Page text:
Budget: freeze duty on tobacco and “give smokers a break”, say campaigners

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Chancellor Jeremy Hunt is being urged to freeze excise duty on tobacco in next week’s Budget after a poll found that almost two thirds of respondents (65 per cent) believe the tax on tobacco is already “about right” (38 per cent) or “too high” (27 per cent).

Only one in five (20 per cent) of those asked think the tax on tobacco is “too low”, while 15 per cent said they “don’t know”.

The poll, which was conducted by Yonder for the smokers’ group Forest, follows a recent report that the cost of a pack of cigarettes could go up by £1.15 after the Budget, while a 30g pouch of hand-rolled tobacco could rise by £2, if the Chancellor sticks with the annual tobacco escalator of inflation plus two per cent.

The poll also found that 62 per cent of adults think that purchasing tobacco from the black market is an “understandable” response given the high cost of tobacco sold legally in the United Kingdom, whereas only 22 per cent of respondents believe this is not an “understandable” response. 16 per cent said they “don’t know”.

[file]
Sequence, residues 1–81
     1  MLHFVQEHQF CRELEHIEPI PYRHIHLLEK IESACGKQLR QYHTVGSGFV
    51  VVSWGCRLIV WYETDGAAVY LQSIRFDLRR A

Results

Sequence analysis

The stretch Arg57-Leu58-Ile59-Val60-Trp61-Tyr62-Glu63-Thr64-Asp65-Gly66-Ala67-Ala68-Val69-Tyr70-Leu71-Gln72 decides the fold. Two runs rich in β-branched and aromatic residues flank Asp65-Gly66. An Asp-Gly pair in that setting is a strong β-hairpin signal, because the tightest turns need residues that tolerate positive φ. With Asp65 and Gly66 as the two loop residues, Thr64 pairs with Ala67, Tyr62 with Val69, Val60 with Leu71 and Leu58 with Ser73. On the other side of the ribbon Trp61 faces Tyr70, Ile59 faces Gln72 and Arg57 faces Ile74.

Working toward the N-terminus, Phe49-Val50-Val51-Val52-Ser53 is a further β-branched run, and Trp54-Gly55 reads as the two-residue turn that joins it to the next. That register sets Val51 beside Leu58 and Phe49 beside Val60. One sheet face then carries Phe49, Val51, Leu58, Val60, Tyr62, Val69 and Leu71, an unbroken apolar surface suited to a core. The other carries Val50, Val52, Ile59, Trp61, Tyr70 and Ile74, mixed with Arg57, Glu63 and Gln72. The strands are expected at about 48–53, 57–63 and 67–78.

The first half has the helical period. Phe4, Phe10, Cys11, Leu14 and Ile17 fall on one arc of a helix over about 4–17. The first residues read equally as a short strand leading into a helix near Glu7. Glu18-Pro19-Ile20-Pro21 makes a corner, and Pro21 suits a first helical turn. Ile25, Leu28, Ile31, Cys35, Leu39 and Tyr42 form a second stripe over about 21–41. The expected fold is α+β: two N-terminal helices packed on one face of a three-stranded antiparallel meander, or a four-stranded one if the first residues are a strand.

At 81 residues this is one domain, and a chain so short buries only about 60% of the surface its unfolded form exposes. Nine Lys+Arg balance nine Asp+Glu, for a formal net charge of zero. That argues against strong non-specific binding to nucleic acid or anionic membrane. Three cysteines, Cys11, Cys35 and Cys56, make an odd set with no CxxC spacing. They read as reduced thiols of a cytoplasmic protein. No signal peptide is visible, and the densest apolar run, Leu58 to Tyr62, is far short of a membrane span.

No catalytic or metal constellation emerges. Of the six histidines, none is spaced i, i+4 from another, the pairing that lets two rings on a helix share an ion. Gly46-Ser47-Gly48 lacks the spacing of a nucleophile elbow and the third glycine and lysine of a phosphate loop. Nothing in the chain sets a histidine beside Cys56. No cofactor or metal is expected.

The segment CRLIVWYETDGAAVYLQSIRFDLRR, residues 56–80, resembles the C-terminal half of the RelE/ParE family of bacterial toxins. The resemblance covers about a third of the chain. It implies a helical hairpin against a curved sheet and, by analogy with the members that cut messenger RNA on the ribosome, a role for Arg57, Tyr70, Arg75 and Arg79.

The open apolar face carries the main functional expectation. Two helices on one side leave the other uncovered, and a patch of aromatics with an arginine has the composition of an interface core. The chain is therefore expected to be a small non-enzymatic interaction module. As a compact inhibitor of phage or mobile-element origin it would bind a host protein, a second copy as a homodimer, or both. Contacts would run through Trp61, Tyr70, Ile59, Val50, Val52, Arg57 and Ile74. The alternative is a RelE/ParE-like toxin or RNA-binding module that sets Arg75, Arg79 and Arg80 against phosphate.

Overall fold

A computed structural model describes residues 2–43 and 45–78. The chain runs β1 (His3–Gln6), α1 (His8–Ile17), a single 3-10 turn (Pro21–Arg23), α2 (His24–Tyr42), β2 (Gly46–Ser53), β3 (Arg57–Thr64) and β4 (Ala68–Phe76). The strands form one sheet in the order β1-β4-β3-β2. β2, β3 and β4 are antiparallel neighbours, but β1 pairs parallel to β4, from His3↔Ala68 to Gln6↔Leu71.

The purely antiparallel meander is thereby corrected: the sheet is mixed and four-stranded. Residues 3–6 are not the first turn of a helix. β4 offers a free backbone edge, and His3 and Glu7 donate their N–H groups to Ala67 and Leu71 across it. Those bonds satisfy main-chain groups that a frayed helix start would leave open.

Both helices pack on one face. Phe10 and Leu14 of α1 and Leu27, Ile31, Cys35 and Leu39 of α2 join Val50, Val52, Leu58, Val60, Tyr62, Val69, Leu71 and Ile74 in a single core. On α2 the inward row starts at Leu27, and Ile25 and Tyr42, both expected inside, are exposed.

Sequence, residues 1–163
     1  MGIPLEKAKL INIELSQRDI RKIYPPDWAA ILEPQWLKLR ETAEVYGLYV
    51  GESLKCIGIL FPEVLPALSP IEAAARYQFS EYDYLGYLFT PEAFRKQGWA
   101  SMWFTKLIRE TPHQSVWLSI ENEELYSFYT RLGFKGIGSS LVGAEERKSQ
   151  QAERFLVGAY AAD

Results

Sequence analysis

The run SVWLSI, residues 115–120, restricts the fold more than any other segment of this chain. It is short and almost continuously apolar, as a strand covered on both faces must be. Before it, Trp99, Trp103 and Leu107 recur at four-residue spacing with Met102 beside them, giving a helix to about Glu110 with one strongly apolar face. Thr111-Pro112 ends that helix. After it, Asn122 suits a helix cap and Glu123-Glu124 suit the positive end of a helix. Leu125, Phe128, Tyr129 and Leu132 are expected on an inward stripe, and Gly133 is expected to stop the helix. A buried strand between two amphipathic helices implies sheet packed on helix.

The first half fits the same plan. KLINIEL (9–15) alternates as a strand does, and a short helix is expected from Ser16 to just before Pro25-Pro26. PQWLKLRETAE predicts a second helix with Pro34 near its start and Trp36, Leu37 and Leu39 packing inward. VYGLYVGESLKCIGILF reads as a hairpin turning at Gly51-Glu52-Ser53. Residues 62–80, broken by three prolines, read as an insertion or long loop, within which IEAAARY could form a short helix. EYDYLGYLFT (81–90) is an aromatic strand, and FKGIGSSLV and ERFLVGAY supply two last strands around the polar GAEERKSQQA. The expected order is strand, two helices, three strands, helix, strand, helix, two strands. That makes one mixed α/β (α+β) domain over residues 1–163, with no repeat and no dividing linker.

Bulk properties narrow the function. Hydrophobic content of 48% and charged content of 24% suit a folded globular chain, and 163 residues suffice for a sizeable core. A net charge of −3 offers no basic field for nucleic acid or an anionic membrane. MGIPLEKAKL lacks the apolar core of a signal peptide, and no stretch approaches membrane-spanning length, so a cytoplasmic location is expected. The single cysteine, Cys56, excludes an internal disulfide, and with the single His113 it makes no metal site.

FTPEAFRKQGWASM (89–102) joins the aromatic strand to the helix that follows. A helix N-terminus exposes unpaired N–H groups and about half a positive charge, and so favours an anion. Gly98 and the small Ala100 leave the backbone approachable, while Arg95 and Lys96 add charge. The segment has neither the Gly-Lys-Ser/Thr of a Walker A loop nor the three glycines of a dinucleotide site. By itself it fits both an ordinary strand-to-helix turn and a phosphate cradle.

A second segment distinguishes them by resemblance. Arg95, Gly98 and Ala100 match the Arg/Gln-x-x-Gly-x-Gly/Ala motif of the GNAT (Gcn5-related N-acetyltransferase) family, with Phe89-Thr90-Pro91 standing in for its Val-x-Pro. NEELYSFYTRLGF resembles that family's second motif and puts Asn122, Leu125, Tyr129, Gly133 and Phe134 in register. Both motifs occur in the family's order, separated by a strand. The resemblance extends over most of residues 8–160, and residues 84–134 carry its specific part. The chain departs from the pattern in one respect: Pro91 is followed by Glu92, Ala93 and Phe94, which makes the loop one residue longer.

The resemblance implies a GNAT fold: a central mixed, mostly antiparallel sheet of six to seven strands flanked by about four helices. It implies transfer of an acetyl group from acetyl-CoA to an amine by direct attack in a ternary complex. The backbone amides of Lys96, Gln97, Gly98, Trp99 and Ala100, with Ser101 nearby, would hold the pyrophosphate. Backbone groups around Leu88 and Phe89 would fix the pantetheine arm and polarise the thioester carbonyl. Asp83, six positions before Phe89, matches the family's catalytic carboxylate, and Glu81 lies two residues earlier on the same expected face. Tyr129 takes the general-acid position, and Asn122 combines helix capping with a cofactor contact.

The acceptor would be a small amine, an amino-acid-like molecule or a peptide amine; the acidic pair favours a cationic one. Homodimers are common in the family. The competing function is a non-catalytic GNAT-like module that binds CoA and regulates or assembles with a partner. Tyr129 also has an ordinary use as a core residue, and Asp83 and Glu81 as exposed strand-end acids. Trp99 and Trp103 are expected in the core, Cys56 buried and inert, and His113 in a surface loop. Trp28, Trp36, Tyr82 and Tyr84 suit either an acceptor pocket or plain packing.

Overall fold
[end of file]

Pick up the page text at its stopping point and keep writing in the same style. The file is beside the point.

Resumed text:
Brits also believe that the government has more pressing concerns than tackling smoking.

Asked to consider a list of ten issues for the government to address in 2023, respondents said tackling the rising cost of household utilities such as electricity and gas is the most important priority (54 per cent), followed by improving the health service by providing more beds, frontline staff and cutting waiting lists (48 per cent), tackling inflation (40 per cent), and addressing care for the elderly (32 per cent).

Other top priorities included tackling climate change (28 per cent), the housing shortage (26 per cent), and helping businesses recover from the impact of the pandemic (17 per cent).

Tackling smoking was bottom of the list (10 per cent), alongside tackling obesity (10 per cent), and tackling misuse of alcohol (9 per cent).

“The Chancellor should freeze duty on tobacco and give smokers a break,” said Simon Clark, director of Forest. “Raising the tax on tobacco not only discriminates against poorer smokers, it will drive more consumers to the unregulated black market.

“This is bad news for legitimate retailers and bad news for the Treasury which could lose billions of pounds in revenue if more consumers buy their tobacco from illicit traders. Significantly, there is very little stigma attached to buying tobacco on the black market.

“In a cost of living crisis the public understands that many consumers will opt for the cheaper option, even if it’s illegal,” he added.